Thursday, September 22, 2011
HTC Wildfire in Kuwait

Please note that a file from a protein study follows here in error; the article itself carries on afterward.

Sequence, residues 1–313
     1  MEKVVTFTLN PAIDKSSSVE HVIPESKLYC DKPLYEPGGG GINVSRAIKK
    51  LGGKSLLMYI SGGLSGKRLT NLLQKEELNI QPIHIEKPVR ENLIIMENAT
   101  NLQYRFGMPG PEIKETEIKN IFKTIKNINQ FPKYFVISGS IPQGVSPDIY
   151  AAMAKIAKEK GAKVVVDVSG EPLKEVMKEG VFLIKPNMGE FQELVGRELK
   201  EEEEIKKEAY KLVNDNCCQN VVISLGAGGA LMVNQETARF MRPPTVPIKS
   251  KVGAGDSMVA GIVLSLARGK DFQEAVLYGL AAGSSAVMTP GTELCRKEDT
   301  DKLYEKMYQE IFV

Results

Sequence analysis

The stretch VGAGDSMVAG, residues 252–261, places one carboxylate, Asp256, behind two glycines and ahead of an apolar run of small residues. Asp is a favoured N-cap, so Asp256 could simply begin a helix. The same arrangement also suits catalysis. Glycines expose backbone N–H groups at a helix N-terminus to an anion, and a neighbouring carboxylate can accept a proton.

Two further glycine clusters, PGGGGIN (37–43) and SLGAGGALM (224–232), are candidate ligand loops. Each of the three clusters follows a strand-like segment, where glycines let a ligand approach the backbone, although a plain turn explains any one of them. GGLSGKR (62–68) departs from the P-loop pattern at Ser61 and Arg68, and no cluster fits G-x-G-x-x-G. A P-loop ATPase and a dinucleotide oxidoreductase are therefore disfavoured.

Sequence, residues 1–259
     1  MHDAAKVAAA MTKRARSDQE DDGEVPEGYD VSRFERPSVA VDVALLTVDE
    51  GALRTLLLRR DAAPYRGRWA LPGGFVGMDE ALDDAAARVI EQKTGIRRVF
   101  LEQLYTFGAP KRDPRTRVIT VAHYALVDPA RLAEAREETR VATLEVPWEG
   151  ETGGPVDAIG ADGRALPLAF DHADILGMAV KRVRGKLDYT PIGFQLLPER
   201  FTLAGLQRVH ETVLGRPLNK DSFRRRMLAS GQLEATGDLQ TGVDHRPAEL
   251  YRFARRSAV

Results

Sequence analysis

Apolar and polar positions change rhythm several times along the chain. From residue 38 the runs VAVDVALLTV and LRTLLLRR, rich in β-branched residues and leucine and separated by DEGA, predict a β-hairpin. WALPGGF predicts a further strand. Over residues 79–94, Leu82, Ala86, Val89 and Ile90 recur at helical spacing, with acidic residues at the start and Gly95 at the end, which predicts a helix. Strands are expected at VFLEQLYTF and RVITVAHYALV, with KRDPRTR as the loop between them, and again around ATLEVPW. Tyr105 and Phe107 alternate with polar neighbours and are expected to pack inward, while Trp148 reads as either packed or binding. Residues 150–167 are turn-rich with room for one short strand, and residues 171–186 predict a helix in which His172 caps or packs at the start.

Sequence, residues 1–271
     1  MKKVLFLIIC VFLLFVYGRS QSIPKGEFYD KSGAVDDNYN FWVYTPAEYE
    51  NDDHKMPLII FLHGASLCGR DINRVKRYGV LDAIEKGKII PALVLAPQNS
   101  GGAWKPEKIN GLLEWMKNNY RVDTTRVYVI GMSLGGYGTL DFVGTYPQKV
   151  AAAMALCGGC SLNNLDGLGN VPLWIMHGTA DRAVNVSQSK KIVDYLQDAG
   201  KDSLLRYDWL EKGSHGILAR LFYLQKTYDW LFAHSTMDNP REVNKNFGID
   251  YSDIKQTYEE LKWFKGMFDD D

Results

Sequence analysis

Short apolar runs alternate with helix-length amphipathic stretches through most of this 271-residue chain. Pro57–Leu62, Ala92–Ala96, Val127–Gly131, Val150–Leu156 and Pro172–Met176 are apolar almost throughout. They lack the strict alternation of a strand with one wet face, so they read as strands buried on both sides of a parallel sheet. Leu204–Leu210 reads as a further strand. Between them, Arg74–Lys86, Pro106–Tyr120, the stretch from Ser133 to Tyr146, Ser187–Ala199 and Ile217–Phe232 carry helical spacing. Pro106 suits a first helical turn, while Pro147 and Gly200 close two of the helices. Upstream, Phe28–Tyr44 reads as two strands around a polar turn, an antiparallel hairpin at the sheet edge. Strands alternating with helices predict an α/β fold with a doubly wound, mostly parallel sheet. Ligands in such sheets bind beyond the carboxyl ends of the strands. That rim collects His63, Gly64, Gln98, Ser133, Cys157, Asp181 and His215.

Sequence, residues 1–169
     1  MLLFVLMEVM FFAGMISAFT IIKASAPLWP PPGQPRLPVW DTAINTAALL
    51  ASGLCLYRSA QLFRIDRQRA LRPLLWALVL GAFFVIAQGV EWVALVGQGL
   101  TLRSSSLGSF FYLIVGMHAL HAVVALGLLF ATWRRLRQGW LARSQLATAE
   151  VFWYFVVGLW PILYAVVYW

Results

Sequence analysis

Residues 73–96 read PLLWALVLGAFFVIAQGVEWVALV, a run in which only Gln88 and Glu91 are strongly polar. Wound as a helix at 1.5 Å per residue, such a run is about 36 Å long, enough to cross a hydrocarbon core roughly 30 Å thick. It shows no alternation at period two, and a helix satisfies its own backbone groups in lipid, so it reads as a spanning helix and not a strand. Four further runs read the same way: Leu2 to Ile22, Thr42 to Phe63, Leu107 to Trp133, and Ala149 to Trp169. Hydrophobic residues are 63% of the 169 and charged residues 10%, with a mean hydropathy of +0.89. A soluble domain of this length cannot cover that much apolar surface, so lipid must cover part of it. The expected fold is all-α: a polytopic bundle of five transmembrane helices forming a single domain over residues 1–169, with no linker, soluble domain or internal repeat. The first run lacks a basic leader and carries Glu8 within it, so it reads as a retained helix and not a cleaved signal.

The Wildfire comes in and supplants the Tattoo as HTC's mid-range device, offering up the now established Sense interface running over Android 2.1. Changes from the Tattoo centre around improved build quality, a capacitive display and styling that owes much to the flagship HTC Desire handset in kuwait. Those changes make quite a difference as the Wildfire is an attractive-looking device, fusing metals and plastics. A metal band sits across the back to provide that premium feel, with rubberised plastic most noticeably giving a soft feel to the subtle chin at the bottom of the phone. We particularly like the cut-out speaker holes on the front, exposing the bare metal, giving it a classy look, which belies its affordable status. The Tattoo's odd arrangement of buttons has been removed, with the Wildfire now offering four touch controls across the bottom of the screen: Home, Menu, Back and Search. As with the Legend and Desire, a clickable optical trackpad sits bottom centre. Elsewhere around the device, the familiar standby/power button sits on the top, and volume keys sit down the left-hand side. A 3.5mm jack and Micro-USB offer physical connections. The phone is a comfortable size, measuring 106.75 x 60.4 x 12.19mm and weighing 118g which are average specs for a smartphone. You get a 3.2-inch capacitive touchscreen display, the same size as the HTC Legend and the older Hero, but with a resolution of only 240 x 320 pixels, which at this size gives a noticeable fuzz to the experience, and one way of HTC differentiating the Wildfire from the those handsets higher up the range. Some mobile phone manufacturers differentiate between mid- and high-level devices by removing internal components (typically Wi-Fi). Fortunately the HTC Wildfire comes with everything you might expect inside. It is an HSDPA handset (with a CDMA version for our US cousins) and comes with Wi-Fi and Bluetooth 2.1. All the sensors are here: GPS, digital compass, motion, proximity and ambient light. So the hardware tells us that this is a smartphone and you won't find yourself lacking on the connectivity front. Physical capabilities are one thing, but with HTC Sense sitting at the core of the phone, it is virtually connected too.
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